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Dialogue on Ritual Human Sacrifice

Two exhibitions in the Maya Museum in Cancún aim to overcome the stereotypes of the ritual human sacrifice
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Taking as a starting point the archeological pieces of ceramics, jade, obsidian, and bone, Quintana Roo will establish a dialogue between the holy symbols of the Mayan and Mexica cultures in the exhibitions: Una Ofrenda para Xochipilli. Entre luces canta y llega el sol (An Offering to Xochipilli. Between Lights Sings and Arrives the Sun) and Sangre para los dioses. El Sacrificio en la visión de los mayas y mexicas (Blood for the Gods. Human Sacrifice in the view of the Maya and Mexica people).

The National Institute of History and Anthropology (INAH) released a statement saying that both exhibitions are the result of the collaboration between the Templo Mayor Museum (Museum of the Great Temple) and the Maya Museum in Cancún, where the exhibitions will be displayed until November 26.

During the opening ceremony, the general director of the INAH, Diego Prieto Hernández, said the exhibitions will contribute to overcoming the stereotypes which for centuries have wrongfully been imposed on the Mesoamerican cultures by the Western view on the ritual human sacrifice.

“In Rome, they had this practice, which was a measure to exalt the powers of the Caesars through the sacrifice of up to five thousand people and ten thousand animals within a week of the Roman Circus. Contrary to this, Mesoamerican peoples saw human sacrifice as a way to praise or appease the gods, through which the continuity between the world and the universe was made possible,” said the general director of the INAH.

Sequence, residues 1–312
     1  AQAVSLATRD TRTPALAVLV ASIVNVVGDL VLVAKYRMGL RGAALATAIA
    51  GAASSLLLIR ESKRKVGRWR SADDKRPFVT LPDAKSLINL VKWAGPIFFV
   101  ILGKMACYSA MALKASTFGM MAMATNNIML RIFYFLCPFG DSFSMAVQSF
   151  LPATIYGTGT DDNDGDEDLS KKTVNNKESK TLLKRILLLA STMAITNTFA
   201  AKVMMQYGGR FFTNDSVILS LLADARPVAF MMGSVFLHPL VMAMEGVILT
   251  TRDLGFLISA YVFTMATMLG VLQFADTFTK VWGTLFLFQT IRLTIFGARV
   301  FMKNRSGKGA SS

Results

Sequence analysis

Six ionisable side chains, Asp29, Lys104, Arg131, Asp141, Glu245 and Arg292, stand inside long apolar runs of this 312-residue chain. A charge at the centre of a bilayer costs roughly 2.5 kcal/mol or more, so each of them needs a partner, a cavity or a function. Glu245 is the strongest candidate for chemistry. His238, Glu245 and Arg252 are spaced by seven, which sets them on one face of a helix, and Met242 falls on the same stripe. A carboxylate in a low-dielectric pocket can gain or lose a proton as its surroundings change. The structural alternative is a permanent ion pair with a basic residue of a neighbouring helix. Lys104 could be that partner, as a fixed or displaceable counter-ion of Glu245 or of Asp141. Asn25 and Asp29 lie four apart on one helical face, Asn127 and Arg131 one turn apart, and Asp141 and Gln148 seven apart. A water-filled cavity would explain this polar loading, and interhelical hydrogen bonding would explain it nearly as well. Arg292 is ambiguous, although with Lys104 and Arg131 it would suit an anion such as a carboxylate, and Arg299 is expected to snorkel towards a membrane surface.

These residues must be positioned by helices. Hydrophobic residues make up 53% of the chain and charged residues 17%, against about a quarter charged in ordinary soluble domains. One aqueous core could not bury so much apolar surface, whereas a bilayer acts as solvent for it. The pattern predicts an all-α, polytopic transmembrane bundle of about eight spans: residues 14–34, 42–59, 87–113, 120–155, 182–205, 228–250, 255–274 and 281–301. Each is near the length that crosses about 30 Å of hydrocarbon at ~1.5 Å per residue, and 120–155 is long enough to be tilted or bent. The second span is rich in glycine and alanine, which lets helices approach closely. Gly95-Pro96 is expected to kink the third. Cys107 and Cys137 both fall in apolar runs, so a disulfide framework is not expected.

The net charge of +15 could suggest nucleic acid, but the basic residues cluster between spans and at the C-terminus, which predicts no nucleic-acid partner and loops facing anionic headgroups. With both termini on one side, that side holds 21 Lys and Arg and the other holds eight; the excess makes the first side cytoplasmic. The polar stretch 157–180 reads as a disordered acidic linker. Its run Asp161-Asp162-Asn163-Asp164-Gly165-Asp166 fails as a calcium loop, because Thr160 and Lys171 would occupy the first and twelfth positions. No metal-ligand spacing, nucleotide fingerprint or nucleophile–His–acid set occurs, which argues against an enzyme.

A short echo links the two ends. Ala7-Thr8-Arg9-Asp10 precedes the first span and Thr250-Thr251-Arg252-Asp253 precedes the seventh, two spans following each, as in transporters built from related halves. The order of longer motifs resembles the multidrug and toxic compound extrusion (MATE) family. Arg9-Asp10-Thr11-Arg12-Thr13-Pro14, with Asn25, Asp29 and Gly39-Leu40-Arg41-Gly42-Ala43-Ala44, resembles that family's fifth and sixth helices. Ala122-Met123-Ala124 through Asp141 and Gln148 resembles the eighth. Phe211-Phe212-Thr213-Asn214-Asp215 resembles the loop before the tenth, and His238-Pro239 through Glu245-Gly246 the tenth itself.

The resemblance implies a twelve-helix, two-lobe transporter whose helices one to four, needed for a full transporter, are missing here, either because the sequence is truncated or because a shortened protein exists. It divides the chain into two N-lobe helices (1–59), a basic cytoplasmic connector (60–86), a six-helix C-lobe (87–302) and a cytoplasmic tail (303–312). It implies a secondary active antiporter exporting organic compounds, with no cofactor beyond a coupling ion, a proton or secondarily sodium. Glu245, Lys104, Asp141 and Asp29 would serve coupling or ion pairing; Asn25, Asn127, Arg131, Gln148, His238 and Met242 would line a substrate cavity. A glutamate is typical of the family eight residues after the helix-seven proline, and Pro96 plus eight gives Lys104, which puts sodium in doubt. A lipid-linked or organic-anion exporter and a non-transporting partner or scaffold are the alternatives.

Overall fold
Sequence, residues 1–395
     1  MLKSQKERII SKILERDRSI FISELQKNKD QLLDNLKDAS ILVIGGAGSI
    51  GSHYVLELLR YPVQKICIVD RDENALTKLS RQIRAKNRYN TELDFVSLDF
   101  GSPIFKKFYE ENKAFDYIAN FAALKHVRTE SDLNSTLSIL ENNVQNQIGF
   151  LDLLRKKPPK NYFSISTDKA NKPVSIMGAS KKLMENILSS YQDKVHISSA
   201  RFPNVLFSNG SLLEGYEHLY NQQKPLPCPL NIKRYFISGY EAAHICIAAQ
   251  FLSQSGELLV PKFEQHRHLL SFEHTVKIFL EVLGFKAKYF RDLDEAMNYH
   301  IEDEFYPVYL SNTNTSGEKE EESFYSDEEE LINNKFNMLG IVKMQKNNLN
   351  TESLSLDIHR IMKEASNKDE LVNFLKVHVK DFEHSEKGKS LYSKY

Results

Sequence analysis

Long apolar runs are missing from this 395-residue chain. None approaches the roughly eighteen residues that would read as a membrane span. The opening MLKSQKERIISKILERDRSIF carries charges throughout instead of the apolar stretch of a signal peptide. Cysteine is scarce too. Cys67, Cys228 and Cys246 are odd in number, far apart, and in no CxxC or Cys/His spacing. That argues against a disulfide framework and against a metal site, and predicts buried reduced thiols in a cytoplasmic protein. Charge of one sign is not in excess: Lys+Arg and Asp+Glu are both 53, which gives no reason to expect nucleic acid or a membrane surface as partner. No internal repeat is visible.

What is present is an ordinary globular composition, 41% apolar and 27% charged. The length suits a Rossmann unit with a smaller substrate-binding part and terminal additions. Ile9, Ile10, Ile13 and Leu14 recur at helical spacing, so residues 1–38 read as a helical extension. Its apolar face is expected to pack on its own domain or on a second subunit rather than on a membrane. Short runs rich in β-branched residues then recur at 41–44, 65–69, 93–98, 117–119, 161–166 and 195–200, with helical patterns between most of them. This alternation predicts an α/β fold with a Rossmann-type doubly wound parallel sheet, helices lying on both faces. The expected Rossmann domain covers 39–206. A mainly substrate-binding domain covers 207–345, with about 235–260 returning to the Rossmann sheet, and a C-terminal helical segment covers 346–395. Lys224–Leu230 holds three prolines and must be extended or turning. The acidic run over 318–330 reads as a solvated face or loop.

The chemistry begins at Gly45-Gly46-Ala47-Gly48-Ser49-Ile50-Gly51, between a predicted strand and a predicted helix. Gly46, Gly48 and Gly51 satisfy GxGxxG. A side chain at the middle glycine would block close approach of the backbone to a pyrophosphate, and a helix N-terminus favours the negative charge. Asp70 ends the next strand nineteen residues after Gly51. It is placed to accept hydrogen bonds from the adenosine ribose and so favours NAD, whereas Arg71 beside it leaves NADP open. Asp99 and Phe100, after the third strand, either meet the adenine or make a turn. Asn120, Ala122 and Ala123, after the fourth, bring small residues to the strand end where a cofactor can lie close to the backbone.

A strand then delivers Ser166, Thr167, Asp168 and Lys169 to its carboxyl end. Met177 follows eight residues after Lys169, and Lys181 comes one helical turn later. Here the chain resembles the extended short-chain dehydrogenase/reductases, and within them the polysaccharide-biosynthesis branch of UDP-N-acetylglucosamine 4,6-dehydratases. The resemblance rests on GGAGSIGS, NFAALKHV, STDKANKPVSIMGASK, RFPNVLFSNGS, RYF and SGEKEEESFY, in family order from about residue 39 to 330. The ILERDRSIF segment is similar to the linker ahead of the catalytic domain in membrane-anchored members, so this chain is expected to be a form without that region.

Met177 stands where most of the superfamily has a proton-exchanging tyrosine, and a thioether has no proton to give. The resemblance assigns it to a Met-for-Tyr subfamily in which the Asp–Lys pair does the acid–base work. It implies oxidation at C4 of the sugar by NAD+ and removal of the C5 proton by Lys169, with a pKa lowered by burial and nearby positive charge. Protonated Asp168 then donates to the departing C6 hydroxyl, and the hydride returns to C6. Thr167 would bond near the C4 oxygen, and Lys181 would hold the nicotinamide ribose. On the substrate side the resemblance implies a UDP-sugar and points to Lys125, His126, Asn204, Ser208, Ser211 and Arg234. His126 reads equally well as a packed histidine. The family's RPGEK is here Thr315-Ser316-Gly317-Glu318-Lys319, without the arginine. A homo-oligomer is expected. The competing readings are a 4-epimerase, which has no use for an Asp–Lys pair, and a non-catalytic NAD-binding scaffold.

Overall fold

The exhibition Blood for the Gods gathers 80 pieces between masks, collars, sacrificial stones, daggers, human skulls, and Burial 18 of the Archeological Area of San Miguelito.

This exhibition is divided in seven thematic modules, and the outline was developed by Adriana Velázquez Morlet, supervisor of the office of the Maya Museum in Cancún, together with Ximena Arellano Núñez and the researches Enrique Terrones González, Antonio Reyes Solís and Allan Ortega Muñóz.

On the other hand, An Offering to Xochipilli is comprised of 83 objects found in Offering 78, discovered by researchers of the Templo Mayor Project in 1978. The showcase was restored by the archeologists Patricia Ledesma Bouchan and Judith Alva Sánchez.

This offering is just one out of the 170 which has been found in the Templo Mayor. Ledesma Bouchan said its relevance falls on the miniature replicas of musical instruments, as well as the three sacrificial knives which measure one meter in height, approximately.

An Offering for Xochipilli is divided into four thematic sections: the offering within the Mesoamerican context, the solar battle, Tthe cult to the god Xochipilli-Macuilxóchitl, and the protection of the tangible and intangible of cultural heritage.

This will be the first time the archeological objects of the Mexica culture are showcased at the Maya Museum in Cancún


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